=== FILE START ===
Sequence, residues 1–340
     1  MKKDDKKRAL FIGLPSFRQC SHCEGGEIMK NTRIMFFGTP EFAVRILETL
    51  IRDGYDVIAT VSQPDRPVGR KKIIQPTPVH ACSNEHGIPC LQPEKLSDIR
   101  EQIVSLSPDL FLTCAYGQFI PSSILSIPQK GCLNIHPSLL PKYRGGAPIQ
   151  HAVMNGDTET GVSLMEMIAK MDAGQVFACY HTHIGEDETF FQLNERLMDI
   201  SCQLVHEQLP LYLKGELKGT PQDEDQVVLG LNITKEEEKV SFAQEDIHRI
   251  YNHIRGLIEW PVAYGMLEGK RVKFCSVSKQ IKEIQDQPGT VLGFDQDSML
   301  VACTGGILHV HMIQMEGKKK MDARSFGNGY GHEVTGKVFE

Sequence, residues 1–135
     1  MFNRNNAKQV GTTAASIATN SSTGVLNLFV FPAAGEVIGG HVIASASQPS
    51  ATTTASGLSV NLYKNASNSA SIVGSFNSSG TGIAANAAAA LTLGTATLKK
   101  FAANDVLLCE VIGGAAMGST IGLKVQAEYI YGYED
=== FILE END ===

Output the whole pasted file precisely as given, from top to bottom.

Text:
Sequence, residues 1–340
     1  MKKDDKKRAL FIGLPSFRQC SHCEGGEIMK NTRIMFFGTP EFAVRILETL
    51  IRDGYDVIAT VSQPDRPVGR KKIIQPTPVH ACSNEHGIPC LQPEKLSDIR
   101  EQIVSLSPDL FLTCAYGQFI PSSILSIPQK GCLNIHPSLL PKYRGGAPIQ
   151  HAVMNGDTET GVSLMEMIAK MDAGQVFACY HTHIGEDETF FQLNERLMDI
   201  SCQLVHEQLP LYLKGELKGT PQDEDQVVLG LNITKEEEKV SFAQEDIHRI
   251  YNHIRGLIEW PVAYGMLEGK RVKFCSVSKQ IKEIQDQPGT VLGFDQDSML
   301  VACTGGILHV HMIQMEGKKK MDARSFGNGY GHEVTGKVFE

Sequence, residues 1–135
     1  MFNRNNAKQV GTTAASIATN SSTGVLNLFV FPAAGEVIGG HVIASASQPS
    51  ATTTASGLSV NLYKNASNSA SIVGSFNSSG TGIAANAAAA LTLGTATLKK
   101  FAANDVLLCE VIGGAAMGST IGLKVQAEYI YGYED